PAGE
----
Orange open NCAA tourney by vanquishing Vermont

Top-seeded Syracuse shook off naysayers and upset watchers, dominating No. 16 seed Catamounts, 79-56.


The NCAA men’s basketball tournament is a new start for 65 teams. Teams get a coveted bid, push the re-set button, and go about making adjustments.

The top seeds usually need little adjustment, but Syracuse’s first No. 1 seed in 30 years came with strings attached. After winning 28 games and the Big East regular season title, Orange head coach Jim Boeheim had a to-do list that include: insert a new rotation, weather the team’s longest layoff in four months, and exorcise the Vermont demons from 2005.

Boeheim and the Orange opened the 2010 NCAA tournament by imposing its size and talent in a 79-56 win over the No. 16 seed Catamounts (25-10). To date, Syracuse has 11 wins over teams receive bids to the post-season championship (others include Robert Morris, Cornell, California, Florida, Oakland, West Virginia, Notre Dame, Marquette, Georgetown, Villanova).

Syracuse advances to the second round, and will face No. 8 seed Gonzaga (26-6), 67-60 winners over Florida State, on Sunday in Buffalo, N.Y. Tip-off time is 12:10 p.m. EST.

On Saturday, the Orange had five players score in double figures, shot 54% as a team, handed out 24 assists, and ho-hummed its way into the second round. Big East Player of the Year Wes Johnson led all scorers with 18 points while Andy Rautins covered the stat sheet with 11 points, eight rebounds, and six assists.

The two-time American East Player of the Year, Vermont senior Marqus Blakely, paced the Catamounts with 17 points, nine rebounds, several highlight dunks, and a pair of media table clearing leaps.

Even as Syracuse adjusted to life without senior center Arinze Onuaku, sitting out Friday with an injured quad sustained against Georgetown at the Big East tournament last week, the Orange played its normal game: open huge lead with a crisp offense, block opponents shots that start fast-breaks, rest on laurels for five minutes, turn the ball over, and then resume seriousness, overwhelm opponent for victory.

“Everyone had to step up,” SU guard Brandon Triche told when asked about playing without Onuaku. “And we did tonight.”

Friday’s offensive output started with a big dunk by new starter Kris Joseph. The 7-0 Orange run extended on a Rautins deep triple. Johnson showed off his dual-threat ability with a huge block on one end, and buttery jumpers on the other.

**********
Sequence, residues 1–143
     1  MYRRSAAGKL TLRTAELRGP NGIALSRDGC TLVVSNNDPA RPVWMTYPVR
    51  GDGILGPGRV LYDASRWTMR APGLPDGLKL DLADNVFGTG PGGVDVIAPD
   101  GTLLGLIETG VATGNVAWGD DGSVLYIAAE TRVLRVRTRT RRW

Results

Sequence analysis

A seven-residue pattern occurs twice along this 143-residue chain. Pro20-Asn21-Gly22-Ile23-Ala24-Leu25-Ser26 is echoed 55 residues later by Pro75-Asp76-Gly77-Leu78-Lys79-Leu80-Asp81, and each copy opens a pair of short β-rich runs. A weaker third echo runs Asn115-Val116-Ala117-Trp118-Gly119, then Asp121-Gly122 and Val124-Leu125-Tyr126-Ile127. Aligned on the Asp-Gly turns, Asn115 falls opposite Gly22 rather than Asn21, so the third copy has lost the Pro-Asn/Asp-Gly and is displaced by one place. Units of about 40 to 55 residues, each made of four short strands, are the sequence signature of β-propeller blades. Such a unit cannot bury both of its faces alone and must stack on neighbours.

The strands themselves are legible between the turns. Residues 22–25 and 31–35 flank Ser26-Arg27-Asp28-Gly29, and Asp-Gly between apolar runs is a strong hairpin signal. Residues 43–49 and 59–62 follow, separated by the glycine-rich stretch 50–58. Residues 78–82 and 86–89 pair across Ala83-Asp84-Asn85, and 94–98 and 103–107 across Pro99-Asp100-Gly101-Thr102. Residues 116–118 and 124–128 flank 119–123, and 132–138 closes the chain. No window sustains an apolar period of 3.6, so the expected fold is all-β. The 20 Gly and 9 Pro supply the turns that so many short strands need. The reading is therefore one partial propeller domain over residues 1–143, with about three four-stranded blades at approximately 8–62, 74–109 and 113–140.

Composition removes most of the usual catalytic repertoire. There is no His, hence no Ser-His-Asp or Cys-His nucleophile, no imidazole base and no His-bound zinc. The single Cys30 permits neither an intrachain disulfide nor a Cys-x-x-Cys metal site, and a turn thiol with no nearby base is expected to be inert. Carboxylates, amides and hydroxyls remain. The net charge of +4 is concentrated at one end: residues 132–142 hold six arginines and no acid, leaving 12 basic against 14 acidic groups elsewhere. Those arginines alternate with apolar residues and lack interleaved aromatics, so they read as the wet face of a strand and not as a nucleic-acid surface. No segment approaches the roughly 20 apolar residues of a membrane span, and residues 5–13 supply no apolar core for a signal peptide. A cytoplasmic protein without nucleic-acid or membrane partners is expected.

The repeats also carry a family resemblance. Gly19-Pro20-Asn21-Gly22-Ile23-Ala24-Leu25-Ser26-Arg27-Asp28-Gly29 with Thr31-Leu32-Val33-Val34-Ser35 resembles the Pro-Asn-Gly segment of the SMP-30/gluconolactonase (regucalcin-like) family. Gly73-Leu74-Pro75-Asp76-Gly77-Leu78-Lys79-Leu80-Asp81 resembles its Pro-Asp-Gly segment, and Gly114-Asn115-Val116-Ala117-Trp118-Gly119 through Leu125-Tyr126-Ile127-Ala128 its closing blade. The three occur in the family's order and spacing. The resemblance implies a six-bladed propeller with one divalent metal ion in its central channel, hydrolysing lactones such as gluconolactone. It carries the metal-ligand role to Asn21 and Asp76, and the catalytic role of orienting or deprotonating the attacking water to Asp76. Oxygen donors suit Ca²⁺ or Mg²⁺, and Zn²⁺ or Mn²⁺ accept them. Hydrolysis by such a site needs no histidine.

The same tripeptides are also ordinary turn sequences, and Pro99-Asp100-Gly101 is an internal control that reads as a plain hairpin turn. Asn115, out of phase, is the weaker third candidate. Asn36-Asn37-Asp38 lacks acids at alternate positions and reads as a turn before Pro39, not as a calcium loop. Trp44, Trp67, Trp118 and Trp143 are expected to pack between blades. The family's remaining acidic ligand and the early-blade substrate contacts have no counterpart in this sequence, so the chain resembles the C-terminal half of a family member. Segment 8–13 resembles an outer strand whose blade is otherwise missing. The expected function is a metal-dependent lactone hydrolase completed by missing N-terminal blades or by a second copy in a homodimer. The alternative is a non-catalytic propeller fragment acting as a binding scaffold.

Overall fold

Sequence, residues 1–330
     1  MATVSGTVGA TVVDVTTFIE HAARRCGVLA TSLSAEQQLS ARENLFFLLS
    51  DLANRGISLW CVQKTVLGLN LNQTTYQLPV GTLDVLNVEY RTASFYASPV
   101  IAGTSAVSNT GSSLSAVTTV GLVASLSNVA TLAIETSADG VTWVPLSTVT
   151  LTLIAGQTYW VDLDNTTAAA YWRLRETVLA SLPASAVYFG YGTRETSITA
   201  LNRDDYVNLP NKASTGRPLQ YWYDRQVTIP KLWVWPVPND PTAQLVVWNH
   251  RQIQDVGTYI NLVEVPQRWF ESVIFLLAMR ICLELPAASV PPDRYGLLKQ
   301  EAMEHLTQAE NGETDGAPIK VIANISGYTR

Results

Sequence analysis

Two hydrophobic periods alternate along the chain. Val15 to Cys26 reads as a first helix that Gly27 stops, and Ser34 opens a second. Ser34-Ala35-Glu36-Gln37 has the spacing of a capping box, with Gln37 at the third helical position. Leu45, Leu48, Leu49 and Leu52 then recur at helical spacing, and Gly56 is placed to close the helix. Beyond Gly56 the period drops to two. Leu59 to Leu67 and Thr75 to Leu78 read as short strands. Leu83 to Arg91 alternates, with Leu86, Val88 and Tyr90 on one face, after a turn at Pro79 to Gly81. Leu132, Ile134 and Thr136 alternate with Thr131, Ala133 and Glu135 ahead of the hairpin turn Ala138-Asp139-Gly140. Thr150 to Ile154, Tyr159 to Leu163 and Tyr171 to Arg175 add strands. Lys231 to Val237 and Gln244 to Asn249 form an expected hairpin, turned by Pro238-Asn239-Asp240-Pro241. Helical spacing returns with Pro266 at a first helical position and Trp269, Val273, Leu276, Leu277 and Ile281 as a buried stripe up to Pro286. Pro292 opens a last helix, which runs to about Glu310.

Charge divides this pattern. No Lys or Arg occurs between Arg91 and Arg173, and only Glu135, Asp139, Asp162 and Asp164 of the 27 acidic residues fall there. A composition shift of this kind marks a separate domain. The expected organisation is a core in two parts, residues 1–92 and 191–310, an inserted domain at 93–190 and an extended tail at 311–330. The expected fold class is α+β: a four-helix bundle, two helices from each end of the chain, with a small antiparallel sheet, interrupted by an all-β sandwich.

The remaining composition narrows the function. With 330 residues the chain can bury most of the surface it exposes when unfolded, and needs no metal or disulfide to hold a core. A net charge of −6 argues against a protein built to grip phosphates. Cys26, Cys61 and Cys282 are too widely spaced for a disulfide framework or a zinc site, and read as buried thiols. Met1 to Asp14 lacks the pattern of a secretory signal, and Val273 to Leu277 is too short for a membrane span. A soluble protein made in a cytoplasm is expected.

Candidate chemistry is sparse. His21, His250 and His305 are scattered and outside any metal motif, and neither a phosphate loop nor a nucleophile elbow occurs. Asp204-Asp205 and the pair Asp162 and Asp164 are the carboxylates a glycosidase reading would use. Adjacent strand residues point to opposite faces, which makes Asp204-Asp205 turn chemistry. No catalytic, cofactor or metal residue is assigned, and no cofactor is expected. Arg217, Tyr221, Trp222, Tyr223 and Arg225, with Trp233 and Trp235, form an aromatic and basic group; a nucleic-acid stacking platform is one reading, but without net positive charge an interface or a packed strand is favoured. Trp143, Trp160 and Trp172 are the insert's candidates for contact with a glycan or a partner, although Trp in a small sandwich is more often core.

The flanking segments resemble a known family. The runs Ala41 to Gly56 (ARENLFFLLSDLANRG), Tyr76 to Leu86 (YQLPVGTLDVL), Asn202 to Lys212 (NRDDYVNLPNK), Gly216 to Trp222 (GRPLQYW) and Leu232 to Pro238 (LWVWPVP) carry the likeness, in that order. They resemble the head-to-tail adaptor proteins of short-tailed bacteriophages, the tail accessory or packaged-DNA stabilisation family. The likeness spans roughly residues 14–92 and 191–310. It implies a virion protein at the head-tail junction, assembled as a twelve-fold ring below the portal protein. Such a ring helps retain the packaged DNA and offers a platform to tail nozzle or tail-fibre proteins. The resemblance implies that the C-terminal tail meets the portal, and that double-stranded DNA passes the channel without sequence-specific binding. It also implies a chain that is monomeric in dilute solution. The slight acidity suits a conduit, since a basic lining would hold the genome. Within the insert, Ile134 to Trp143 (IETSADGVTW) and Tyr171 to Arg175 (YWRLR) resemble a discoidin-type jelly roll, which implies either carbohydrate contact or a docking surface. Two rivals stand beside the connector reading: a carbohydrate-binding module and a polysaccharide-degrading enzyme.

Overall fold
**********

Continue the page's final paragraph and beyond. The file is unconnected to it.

Energetic Syracuse guard Scoop Jardine entered the game with a warm welcome by the pseudo-home crowd at HSBC Arena (about 3 hours from SU), and immediately led the Orange on a scoring binge. He crossed over Vermont guard Nick Vier at 6:39, scored the lay-up and made the ensuing free throw for a 34-10 Orange lead.

Trademark SU apathy set in as Vermont rattled of a 15-2 run highlighted by a couple of monster dunks by Blakely. The score read 37-25 at halftime, and everyone wearing orange was restless.

“At halftime, we spoke about it as a team,” Joseph told following the game. “Coach (Boeheim) spoke about it, let us know we weren’t doing what we’re supposed to be doing.”

Fret not, SU faithful, where there is a will, there is a Rautins. The senior shooting guard opened up the second half with two deep 3s to start half, and Vermont would not sniff closer than 14 points. The hot outside shooting (Syracuse made 10 of 22 attempts from beyond the arc), combined with stingy SU defense (eight blocks, 34% shooting by Vermont), created little thought of any more adjustments and just started the preparation for Gonzaga.

Orange forward Rick Jackson has 12 points, eight rebounds, and the calming quote of the night: “We were sitting around waiting for 9:30 p.m. to come. It’s here, we got a win, now let’s move on.”


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